HETDEX aims at surveying 1 million Lyman\(\alpha \) emitting galaxies at \(1.9< z < 3.5\) over 420 square degrees. The main science goal is to map the BAO feature over this redshift range.
Further in the future, we highlight here the proposed BigBOSS survey and SuMIRe survey with HyperSupremeCam on the Subaru telescope. The BigBOSS survey will target [OII] emission line galaxies at \(0.6< z < 1.5\) (and LRGs at \(z < 0.6\)) over 14,000 square degrees. The SuMIRe wide survey proposes to survey \(\sim \, 2000\) square degrees in the redshift range \(0.6<z<1.6\) targeting LRGs and [OII] emissionline galaxies. Both these surveys will likely reach full science operations roughly at the same time as the Euclid launch.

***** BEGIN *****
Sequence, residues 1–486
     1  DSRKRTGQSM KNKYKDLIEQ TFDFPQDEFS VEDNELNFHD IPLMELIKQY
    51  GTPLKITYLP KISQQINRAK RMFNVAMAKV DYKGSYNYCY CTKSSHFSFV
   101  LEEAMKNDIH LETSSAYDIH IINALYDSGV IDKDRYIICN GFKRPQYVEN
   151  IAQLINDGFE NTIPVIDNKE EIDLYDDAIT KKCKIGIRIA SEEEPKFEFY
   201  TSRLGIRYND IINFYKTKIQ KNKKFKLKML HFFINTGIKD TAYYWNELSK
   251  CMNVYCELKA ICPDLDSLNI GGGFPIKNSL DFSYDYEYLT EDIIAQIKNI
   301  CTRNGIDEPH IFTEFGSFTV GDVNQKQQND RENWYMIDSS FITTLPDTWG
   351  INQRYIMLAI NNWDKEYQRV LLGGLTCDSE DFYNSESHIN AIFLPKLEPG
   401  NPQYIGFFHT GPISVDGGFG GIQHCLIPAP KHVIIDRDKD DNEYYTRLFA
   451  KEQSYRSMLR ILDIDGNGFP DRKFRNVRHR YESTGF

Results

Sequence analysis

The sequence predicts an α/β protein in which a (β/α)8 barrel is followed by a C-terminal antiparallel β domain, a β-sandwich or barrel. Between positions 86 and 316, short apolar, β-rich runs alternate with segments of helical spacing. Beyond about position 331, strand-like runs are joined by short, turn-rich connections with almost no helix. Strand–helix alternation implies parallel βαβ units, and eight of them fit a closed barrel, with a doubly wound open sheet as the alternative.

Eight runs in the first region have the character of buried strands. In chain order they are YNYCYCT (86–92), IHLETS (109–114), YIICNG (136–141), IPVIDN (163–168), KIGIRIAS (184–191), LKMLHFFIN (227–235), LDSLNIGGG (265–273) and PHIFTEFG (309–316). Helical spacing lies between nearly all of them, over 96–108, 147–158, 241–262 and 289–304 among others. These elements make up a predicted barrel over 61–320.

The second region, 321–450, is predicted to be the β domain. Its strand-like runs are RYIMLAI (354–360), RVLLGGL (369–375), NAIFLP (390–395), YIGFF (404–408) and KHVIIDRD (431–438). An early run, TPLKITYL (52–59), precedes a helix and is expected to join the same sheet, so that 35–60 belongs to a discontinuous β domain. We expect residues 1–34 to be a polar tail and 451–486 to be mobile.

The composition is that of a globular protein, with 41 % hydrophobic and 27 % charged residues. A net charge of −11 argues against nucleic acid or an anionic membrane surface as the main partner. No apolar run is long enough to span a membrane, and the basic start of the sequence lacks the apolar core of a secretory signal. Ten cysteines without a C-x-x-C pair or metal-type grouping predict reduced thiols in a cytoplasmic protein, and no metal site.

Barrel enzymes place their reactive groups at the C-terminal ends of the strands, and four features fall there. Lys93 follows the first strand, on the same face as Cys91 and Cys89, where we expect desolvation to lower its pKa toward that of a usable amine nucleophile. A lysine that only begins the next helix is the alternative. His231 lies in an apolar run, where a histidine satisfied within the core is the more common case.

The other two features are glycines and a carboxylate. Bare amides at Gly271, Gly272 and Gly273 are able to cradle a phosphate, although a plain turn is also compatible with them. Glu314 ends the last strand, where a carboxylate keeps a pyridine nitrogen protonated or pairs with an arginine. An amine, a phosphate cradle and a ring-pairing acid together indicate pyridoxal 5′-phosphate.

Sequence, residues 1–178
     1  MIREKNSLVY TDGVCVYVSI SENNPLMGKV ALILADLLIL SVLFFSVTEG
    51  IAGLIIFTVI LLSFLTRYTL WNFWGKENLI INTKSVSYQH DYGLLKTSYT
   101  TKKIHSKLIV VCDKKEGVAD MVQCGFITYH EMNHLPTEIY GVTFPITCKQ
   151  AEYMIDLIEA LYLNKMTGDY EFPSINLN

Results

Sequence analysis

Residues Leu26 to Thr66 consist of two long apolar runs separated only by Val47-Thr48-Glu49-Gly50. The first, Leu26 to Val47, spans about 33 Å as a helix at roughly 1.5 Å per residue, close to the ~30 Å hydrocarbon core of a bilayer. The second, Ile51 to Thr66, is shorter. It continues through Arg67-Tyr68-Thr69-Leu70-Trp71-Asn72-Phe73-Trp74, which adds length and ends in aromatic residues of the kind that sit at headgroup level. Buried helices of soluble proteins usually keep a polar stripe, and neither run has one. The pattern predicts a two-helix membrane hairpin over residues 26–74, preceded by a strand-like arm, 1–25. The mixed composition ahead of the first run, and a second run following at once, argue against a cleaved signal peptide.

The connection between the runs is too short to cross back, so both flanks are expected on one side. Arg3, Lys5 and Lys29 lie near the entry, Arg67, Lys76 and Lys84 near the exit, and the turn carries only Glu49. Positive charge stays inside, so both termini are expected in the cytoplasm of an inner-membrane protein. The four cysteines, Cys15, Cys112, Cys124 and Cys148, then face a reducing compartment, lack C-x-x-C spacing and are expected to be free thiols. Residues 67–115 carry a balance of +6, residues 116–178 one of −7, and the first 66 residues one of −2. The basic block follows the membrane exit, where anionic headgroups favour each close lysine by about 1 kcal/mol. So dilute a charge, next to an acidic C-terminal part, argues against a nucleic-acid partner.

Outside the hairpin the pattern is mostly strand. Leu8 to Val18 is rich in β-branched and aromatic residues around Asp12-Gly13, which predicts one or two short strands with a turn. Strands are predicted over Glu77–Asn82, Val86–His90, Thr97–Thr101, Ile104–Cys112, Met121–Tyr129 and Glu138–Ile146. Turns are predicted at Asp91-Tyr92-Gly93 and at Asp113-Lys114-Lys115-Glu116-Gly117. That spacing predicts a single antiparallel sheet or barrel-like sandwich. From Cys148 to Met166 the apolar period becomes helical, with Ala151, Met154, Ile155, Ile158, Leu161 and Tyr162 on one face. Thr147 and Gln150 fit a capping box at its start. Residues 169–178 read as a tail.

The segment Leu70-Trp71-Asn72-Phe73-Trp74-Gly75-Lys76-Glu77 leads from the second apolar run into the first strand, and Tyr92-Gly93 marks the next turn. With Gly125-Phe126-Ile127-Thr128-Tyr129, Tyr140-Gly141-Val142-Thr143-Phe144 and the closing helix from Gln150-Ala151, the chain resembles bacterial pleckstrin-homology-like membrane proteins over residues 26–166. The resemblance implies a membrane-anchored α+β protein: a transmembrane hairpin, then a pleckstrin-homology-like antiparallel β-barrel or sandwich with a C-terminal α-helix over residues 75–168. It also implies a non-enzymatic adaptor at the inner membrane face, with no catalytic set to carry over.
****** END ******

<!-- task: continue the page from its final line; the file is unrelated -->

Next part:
Wide field photometric surveys are also being carried out and planned. The ongoing Dark Energy Survey (DES)^{15} will cover 5000 square degrees out to \(z\sim 1.3\) and is expected to complete observations in 2017; the Panoramic Survey Telescope and Rapid Response System (PanSTARRS), ongoing at the singlemirror stage, The PanSTARSS survey, which first phase is already ongoing, will cover 30,000 square degrees with 5 photometry bands for redshifts up to \(z\sim 1.5\). The second pause of the survey is expected to be competed by the time Euclid launches. More in the future the Large Synoptic Survey Telescope (LSST) will cover redshifts \(0.3<z<3.6\) over 15,000 square degrees, but is expected to begin operations in 2021, after Euclid’s planned launch date. The galaxy imaging surveys DES, Panstarrs, and LSST will complement Euclid imaging survey in both the choice of band passes, and the sky coverage.